Dear readers, I am currently in the thick of this amazing book, Hope and Memory: Lessons from the Twentieth Century, by Tzvetan Todorov. Here’s an eminently sane Romain Gary quote from the book:
The bombs I dropped on Germany between 1940 and 1944 maybe killed a Rilke or a Goethe or a Holderin in his cradle. And yes, if it had to be done over, I would do it again. Hitler had condemned us to kill. Not even the most just causes are ever innocent.
Ada Calhoun has written a book called Why We Can’t Sleep: Women’s New Midlife Crisis. Despite the cringey title, I really liked the book and Calhoun is a terrific writer. It was recommended to me by someone who knows that I (often) can’t sleep. Of course, sleep is not Calhoun’s main focus. Her focus is GenX women and where we are at, as we navigate middle age. I’ll highlight a couple of points that I thought were observant and bittersweet.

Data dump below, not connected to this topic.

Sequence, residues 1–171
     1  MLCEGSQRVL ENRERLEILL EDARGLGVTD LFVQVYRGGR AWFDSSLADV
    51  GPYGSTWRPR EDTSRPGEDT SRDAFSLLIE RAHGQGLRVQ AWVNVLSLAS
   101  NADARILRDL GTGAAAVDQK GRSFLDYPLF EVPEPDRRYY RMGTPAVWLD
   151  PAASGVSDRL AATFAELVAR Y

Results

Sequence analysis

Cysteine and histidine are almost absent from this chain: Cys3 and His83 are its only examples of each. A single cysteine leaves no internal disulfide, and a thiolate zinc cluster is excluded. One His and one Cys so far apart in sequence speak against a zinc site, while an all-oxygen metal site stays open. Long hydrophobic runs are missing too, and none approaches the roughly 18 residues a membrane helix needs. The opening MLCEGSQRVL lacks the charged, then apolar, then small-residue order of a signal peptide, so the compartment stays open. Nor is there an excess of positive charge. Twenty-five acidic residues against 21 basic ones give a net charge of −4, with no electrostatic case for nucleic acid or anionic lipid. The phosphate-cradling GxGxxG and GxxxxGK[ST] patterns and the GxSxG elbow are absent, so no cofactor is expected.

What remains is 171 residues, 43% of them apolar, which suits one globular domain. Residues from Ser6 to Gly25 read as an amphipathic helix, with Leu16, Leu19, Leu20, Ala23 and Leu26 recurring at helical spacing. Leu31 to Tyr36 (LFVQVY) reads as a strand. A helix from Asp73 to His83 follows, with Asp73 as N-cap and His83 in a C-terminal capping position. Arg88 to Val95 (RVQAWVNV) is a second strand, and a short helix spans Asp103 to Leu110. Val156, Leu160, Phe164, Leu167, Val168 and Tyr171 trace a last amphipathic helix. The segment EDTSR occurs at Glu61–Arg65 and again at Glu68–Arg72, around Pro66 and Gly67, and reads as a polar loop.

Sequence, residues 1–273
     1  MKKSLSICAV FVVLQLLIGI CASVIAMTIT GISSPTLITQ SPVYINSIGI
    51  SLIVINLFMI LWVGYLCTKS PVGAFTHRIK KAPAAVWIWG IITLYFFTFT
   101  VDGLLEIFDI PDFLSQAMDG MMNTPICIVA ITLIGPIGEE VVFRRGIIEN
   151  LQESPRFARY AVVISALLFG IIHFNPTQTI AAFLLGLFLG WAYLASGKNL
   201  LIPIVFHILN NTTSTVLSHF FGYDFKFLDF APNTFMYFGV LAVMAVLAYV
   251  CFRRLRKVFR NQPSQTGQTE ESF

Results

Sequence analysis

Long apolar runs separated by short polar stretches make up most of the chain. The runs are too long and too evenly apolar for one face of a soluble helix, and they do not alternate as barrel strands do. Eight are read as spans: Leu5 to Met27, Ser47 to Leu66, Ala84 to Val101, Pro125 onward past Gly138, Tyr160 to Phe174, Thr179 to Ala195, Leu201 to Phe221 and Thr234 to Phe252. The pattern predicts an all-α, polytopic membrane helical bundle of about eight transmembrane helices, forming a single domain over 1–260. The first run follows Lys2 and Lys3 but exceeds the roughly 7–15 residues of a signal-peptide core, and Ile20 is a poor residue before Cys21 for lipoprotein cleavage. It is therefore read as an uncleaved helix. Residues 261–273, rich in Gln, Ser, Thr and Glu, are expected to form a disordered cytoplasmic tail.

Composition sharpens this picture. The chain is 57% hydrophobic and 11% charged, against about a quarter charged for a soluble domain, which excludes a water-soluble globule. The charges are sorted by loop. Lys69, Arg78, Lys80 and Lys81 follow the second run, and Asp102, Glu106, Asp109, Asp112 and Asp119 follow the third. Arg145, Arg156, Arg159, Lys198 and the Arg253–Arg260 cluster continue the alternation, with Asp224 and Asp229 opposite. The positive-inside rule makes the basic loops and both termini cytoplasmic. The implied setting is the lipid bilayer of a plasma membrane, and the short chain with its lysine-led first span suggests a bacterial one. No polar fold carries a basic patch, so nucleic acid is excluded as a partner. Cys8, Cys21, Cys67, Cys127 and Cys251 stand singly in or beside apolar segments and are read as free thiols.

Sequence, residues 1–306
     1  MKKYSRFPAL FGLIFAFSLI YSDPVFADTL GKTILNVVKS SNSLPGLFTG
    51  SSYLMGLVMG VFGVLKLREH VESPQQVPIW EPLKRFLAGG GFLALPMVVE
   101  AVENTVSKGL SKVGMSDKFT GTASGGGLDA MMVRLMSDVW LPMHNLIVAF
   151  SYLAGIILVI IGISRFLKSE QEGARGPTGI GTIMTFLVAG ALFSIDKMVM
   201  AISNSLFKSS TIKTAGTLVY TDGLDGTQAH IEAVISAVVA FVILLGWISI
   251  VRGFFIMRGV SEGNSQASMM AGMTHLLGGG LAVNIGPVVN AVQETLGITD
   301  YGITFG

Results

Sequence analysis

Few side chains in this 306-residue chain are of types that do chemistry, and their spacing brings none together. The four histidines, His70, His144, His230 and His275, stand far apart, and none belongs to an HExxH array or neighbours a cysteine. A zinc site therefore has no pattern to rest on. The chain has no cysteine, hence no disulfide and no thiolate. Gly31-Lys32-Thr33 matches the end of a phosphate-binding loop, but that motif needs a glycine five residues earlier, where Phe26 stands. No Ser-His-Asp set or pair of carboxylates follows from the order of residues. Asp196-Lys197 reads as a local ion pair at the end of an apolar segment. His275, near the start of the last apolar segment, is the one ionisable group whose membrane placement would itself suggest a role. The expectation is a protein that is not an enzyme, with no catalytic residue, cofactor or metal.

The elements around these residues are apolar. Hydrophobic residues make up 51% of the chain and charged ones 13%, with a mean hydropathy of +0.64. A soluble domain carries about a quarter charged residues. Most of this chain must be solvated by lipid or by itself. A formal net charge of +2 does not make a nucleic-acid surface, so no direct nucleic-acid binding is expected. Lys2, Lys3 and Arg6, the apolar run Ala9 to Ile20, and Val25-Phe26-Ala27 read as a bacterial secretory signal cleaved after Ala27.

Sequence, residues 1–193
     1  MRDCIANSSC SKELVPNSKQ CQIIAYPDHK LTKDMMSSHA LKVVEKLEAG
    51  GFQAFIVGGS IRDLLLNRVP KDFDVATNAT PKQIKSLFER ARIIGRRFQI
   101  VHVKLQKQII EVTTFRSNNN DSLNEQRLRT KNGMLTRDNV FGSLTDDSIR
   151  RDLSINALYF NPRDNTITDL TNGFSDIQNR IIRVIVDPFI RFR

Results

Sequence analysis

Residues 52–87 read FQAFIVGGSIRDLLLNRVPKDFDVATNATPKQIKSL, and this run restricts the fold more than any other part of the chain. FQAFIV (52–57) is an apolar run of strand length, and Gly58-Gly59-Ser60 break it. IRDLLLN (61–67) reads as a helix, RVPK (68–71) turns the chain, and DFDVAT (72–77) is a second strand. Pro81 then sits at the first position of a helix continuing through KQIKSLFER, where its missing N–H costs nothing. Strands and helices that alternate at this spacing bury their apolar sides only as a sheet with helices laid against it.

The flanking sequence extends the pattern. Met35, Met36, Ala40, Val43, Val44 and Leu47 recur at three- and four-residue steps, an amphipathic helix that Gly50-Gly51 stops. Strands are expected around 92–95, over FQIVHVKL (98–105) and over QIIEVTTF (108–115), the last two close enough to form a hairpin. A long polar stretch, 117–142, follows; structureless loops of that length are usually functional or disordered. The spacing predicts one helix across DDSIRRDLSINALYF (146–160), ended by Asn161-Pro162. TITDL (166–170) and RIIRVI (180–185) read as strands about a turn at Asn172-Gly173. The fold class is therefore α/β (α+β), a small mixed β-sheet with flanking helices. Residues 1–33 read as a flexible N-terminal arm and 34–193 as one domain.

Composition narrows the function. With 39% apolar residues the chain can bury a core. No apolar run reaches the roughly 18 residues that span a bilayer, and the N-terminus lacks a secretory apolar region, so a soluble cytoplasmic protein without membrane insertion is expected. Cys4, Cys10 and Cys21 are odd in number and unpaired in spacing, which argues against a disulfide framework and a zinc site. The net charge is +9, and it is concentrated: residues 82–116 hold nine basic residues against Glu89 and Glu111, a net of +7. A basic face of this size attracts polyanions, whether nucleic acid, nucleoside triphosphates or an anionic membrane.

First, Calhoun makes a reference to the “infinite tolerance” policy of the parents of GenXers when it came to bullying and the “conviction that kids should fight their own battles.” Oh yes! And what a lousy idea. This was true in the general sense, at schools and in recreational activities – kids were nasty and you got crushed and adults did nothing. For me, it was true on a local and personal level – I had a brother (still have him but thankfully, have nothing to do with him) who made my life a living hell when I was a child and teen. He was twelve years older than me, and an adult when the real cruelty began (though I remember him beating me and tormenting me when I was, like, three and he was 15). Did my parents help? Don’t be silly. They helped him by joining in or by looking away. And my siblings (all older and many of them also adults) pretty much did the same.